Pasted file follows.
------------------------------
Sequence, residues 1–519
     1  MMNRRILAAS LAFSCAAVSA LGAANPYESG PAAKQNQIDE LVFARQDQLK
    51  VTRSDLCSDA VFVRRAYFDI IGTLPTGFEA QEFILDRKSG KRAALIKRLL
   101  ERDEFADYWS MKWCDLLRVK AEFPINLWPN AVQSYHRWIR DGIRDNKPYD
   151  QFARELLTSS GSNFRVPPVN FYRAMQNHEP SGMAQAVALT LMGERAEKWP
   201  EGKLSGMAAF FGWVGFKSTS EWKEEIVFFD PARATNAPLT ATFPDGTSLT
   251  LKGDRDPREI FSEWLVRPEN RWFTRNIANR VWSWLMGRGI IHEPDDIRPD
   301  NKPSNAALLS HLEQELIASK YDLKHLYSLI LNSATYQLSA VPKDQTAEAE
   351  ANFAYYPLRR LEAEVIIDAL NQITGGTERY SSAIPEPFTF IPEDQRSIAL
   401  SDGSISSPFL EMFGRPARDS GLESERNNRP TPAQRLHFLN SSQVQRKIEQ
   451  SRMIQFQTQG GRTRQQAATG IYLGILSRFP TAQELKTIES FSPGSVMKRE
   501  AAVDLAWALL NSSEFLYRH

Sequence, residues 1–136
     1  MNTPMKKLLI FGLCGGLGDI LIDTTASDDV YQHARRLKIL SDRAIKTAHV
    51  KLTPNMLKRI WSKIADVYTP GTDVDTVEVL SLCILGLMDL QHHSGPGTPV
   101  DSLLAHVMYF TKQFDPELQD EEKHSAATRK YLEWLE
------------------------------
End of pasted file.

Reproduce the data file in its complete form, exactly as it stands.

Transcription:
Sequence, residues 1–519
     1  MMNRRILAAS LAFSCAAVSA LGAANPYESG PAAKQNQIDE LVFARQDQLK
    51  VTRSDLCSDA VFVRRAYFDI IGTLPTGFEA QEFILDRKSG KRAALIKRLL
   101  ERDEFADYWS MKWCDLLRVK AEFPINLWPN AVQSYHRWIR DGIRDNKPYD
   151  QFARELLTSS GSNFRVPPVN FYRAMQNHEP SGMAQAVALT LMGERAEKWP
   201  EGKLSGMAAF FGWVGFKSTS EWKEEIVFFD PARATNAPLT ATFPDGTSLT
   251  LKGDRDPREI FSEWLVRPEN RWFTRNIANR VWSWLMGRGI IHEPDDIRPD
   301  NKPSNAALLS HLEQELIASK YDLKHLYSLI LNSATYQLSA VPKDQTAEAE
   351  ANFAYYPLRR LEAEVIIDAL NQITGGTERY SSAIPEPFTF IPEDQRSIAL
   401  SDGSISSPFL EMFGRPARDS GLESERNNRP TPAQRLHFLN SSQVQRKIEQ
   451  SRMIQFQTQG GRTRQQAATG IYLGILSRFP TAQELKTIES FSPGSVMKRE
   501  AAVDLAWALL NSSEFLYRH

Sequence, residues 1–136
     1  MNTPMKKLLI FGLCGGLGDI LIDTTASDDV YQHARRLKIL SDRAIKTAHV
    51  KLTPNMLKRI WSKIADVYTP GTDVDTVEVL SLCILGLMDL QHHSGPGTPV
   101  DSLLAHVMYF TKQFDPELQD EEKHSAATRK YLEWLE